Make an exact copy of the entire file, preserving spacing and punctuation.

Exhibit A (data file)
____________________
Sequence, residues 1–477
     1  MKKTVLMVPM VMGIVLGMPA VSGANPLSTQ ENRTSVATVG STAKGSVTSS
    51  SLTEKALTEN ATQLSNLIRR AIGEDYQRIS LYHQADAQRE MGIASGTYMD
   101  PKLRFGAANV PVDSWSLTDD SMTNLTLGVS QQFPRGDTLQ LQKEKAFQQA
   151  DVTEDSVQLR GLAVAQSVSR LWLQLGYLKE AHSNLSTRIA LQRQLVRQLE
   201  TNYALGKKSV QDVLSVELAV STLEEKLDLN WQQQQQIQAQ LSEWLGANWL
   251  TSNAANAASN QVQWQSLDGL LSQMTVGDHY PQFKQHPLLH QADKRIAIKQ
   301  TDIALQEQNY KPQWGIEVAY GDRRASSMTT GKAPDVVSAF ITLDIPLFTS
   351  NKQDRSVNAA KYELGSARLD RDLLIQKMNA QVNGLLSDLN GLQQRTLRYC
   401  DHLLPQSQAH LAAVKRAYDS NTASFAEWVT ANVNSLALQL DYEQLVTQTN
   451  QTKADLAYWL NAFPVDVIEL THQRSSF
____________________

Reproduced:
Sequence, residues 1–477
     1  MKKTVLMVPM VMGIVLGMPA VSGANPLSTQ ENRTSVATVG STAKGSVTSS
    51  SLTEKALTEN ATQLSNLIRR AIGEDYQRIS LYHQADAQRE MGIASGTYMD
   101  PKLRFGAANV PVDSWSLTDD SMTNLTLGVS QQFPRGDTLQ LQKEKAFQQA
   151  DVTEDSVQLR GLAVAQSVSR LWLQLGYLKE AHSNLSTRIA LQRQLVRQLE
   201  TNYALGKKSV QDVLSVELAV STLEEKLDLN WQQQQQIQAQ LSEWLGANWL
   251  TSNAANAASN QVQWQSLDGL LSQMTVGDHY PQFKQHPLLH QADKRIAIKQ
   301  TDIALQEQNY KPQWGIEVAY GDRRASSMTT GKAPDVVSAF ITLDIPLFTS
   351  NKQDRSVNAA KYELGSARLD RDLLIQKMNA QVNGLLSDLN GLQQRTLRYC
   401  DHLLPQSQAH LAAVKRAYDS NTASFAEWVT ANVNSLALQL DYEQLVTQTN
   451  QTKADLAYWL NAFPVDVIEL THQRSSF